AD is a prevalent neurodegenerative diseases with cognitive function and memory impairment in the elderly. Several hypotheses of AD pathogenesis have been proposed in current AD studies such as Aβ hypothesis, tau hypothesis and the cholinergic hypothesis [24]. Recently Aβ hypotheses are most commonly used in this field. Molecular mechanisms of Aβ-induced neurotoxicity have been investigated for the last two decades to understand the pathology process of AD. However, current therapeutics has very minimal impact to target the underlying cause of this disease [25, 26, 27]. In this study, our aim is to determine a coactivator of PPARγ, PGC-1α, and to test whether this coactivator can protect neuroblastoma cells from Aβ-induced neurotoxicity.

We first measured the levels of PGC-1α after the treatment with Aβ1–42. Both protein and mRNA levels of PGC-1α are reduced with Aβ challenge. This data is consistent with the conclusion of some studies based on animal model and clinical trial. These studies showed that PGC-1α expression decrease in AD brains as the results of Aβ pathology [23].

We then test how PGC-1α affects the Aβ-induced neuronal death and neuroinflammation. After treating with Aβ1–42 for 6 h, PGC-1α prevents neuroblastoma cells from death and largely reduces the level of IL-1β and TNF-α. Inflammation in the brain is a complicated network and is affected by many proinflammatory cytokines, including IL-6, IL-1β, TNF-α, IL-17, and so on [7, 28, 29]. Among these cytokines, IL-1β and TNF-α are key regulators involved in AD pathogenesis. Some studies have shown that their levels and activities were increased in the AD brains. Moreover, both of them are implicated to have protective effects to Aβ [30, 31, 32, 33, 34].

The transcription factor NF-κB plays numerous roles in the nervous system, including its function in synaptic processes, neuroprotection, neural stem cell proliferation, neurotransmission, and so on. In addition, its involvement in brain inflammation is very important for us to understand the protective role of PGC-1α. In AD brain, many mediators can activate the NF-κB pathway, including Aβ accumulation, reactive oxygen species, and numerous proinflammatory cytokines [35, 36, 37]. During this activation, the IκBα will be phosphorylated and then degraded. NF-κB will be activated and enters into the nucleus where it induces the gene transcription for some inflammatory mediators. In this study, we determined that PGC-1α inhibits the activation and translocation of NF-κB from cytoplasm to nucleus. Meanwhile, the degradation of IκBα is also inhibited by PGC-1α. These results implicate that NF-κB pathway is essential in the protective processes of PGC-1α against Aβ.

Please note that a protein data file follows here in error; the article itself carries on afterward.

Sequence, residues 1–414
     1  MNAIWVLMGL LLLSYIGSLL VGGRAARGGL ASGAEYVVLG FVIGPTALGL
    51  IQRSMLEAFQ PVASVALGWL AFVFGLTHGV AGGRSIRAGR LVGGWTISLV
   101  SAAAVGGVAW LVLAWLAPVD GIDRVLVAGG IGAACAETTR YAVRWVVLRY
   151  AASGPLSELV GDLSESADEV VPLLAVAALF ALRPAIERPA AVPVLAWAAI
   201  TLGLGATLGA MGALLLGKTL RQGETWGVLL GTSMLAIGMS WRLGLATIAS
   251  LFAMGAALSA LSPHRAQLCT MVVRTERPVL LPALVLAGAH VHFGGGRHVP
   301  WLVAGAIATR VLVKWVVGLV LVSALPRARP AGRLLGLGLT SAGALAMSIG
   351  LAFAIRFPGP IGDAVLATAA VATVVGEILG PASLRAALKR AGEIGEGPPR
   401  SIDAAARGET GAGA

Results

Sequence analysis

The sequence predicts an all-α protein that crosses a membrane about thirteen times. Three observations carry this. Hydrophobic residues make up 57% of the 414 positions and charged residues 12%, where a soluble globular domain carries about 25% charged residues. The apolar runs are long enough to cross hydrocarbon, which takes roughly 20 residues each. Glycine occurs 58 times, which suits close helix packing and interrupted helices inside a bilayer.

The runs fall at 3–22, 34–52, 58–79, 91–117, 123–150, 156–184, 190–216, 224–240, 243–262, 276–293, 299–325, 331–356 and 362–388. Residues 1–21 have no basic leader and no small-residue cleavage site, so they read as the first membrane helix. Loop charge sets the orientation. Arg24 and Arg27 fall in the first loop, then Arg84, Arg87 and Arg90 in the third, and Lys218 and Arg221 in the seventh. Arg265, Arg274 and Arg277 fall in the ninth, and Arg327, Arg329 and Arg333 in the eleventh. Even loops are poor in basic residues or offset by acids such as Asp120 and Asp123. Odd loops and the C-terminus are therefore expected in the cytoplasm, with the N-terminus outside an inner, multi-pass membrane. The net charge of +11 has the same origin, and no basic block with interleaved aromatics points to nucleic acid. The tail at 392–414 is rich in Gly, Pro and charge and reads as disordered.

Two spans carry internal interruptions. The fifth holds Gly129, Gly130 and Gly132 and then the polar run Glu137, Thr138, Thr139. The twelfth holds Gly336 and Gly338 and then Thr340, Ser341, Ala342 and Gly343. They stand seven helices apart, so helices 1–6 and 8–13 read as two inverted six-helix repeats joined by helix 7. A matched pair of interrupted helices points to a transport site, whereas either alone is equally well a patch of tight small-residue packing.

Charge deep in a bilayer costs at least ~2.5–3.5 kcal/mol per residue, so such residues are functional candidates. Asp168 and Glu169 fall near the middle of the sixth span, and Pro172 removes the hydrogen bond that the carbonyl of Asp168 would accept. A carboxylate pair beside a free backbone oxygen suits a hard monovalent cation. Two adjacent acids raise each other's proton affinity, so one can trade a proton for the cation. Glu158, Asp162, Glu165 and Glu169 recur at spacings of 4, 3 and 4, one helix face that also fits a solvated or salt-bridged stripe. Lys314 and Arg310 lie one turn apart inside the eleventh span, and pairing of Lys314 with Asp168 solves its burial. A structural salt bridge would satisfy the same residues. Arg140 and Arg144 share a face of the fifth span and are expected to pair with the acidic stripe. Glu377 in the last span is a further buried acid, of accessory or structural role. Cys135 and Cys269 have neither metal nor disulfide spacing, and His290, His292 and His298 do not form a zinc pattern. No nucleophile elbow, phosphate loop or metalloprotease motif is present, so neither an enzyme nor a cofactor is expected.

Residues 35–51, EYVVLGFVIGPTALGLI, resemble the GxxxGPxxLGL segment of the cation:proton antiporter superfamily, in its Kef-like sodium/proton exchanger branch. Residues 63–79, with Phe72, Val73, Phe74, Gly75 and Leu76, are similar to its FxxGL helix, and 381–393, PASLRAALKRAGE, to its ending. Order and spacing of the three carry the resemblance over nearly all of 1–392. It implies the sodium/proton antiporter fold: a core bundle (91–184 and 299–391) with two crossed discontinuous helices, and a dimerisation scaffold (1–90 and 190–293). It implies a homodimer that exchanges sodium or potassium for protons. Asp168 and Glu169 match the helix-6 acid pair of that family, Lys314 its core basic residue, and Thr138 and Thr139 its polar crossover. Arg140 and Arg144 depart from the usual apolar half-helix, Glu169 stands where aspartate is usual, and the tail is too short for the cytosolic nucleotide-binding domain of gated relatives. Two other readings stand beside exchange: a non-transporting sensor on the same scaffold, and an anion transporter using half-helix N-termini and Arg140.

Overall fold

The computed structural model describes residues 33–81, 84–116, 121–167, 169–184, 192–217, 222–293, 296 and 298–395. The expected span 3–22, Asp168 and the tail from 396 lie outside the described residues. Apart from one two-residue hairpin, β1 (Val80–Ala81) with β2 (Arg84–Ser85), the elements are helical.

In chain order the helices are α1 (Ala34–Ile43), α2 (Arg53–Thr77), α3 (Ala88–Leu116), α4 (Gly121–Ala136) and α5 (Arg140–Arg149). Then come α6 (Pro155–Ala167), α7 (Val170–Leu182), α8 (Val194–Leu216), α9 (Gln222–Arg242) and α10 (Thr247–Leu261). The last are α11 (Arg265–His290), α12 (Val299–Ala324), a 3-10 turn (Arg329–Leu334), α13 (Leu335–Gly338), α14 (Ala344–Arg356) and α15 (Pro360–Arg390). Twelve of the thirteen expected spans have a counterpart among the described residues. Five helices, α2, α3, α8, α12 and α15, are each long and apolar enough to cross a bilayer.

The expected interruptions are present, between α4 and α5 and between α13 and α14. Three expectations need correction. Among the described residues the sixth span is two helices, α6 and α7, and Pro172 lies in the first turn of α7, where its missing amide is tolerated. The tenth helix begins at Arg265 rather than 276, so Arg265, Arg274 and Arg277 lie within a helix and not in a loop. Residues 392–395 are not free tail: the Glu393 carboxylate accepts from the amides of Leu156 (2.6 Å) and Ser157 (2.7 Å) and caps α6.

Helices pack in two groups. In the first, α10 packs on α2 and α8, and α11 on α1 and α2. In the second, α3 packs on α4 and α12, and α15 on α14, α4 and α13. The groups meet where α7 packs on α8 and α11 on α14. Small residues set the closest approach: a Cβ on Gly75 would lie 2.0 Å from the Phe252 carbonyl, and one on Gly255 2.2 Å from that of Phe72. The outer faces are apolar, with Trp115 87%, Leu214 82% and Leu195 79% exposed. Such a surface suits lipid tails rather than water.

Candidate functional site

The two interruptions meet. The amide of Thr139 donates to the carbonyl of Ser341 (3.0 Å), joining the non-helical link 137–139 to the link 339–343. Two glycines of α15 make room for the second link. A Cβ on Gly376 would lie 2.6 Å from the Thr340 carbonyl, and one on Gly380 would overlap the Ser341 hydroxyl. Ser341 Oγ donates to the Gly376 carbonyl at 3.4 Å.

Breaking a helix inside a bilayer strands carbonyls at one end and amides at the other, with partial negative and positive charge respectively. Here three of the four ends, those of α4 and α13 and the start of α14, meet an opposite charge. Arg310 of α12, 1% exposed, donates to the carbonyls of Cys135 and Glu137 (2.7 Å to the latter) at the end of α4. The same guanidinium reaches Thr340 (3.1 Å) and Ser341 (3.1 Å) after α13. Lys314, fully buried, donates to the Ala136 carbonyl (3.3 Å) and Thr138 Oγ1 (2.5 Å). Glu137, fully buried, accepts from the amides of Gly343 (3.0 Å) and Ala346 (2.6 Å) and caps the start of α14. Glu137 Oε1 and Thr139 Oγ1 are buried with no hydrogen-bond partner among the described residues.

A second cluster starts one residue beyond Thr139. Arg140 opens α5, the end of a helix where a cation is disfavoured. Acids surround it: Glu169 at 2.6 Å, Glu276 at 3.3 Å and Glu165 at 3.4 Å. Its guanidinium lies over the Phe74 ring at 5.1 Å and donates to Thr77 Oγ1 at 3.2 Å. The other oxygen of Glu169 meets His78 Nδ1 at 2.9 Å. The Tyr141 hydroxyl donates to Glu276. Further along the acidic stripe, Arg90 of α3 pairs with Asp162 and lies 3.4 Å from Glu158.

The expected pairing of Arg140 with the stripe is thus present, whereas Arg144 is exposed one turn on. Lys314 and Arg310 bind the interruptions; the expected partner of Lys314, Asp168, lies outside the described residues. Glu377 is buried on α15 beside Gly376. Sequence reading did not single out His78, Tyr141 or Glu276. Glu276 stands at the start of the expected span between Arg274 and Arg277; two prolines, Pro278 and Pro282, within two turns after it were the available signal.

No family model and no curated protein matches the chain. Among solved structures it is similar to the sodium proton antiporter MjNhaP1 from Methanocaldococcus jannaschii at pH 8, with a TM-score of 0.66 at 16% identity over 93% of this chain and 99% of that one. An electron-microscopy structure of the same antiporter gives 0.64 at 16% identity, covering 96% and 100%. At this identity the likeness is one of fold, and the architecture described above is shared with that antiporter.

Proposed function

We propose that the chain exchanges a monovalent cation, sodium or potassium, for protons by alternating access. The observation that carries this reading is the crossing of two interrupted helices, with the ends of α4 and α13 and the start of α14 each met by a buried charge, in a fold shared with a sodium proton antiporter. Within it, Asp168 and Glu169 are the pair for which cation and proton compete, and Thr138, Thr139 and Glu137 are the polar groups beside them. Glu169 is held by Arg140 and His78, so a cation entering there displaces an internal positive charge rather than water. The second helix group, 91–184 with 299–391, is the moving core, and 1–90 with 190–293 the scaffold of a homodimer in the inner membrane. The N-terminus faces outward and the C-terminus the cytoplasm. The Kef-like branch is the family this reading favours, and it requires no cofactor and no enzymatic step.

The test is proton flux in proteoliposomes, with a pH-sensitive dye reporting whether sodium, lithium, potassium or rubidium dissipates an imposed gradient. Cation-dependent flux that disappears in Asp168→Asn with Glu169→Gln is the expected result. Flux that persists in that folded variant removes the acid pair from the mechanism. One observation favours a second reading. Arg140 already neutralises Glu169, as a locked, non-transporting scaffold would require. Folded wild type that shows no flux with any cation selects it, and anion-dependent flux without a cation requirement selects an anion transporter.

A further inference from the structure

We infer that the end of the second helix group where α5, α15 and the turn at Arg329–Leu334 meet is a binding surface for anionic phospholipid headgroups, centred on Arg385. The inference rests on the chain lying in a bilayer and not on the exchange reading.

Our work demonstrates the neuroprotective function of PGC-1α to Aβ-induced neurotoxicity and the biological mechanisms underlying this process. These results provide us with promising evidence that PGC-1α could have a therapeutic effect to combat the neuronal death and neuroinflammation associated with AD.


Authors’ contributions

YZ performed experiments, analyzed data and contributed to write the manuscript. CC performed the qRT PCR and ELISA experiments. YJ contributed to analyze the data. SW performed all the cell culture work. XW contributed to the study design. KW designed this study, supervised the experiments and contributed to write the manuscript. All authors read and approved the final manuscript.



Competing interests

The authors declare that they have no competing interests.

Availability of data and materials

The datasets used and analyzed during the current study are available from the corresponding author on reasonable request.

Consent for publication

Not applicable.

Ethics approval and consent to participate

Not applicable.


This research was supported by grants from the National Natural Science Foundation of China (Nos. 81673066 and 81473684). The funding agency had no role in the design of the study and collection, analysis, and interpretation of data in writing the manuscript.

Publisher’s Note

Springer Nature remains neutral with regard to jurisdictional claims in published maps and institutional affiliations.


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Authors and Affiliations

  • Yuqin Zhang
    • 1
    • 2
  • Changchun Chen
    • 2
  • Yanliu Jiang
    • 2
  • Shupei Wang
    • 2
  • Xiaoyu Wu
    • 2
  • Kai Wang
    • 1
    Email author
  1. 1.Department of NeurologyThe First Affiliated Hospital of Anhui Medical UniversityHefeiChina
  2. 2.Department of NeurologyThe Second People’s Hospital of Anhui ProvinceHefeiChina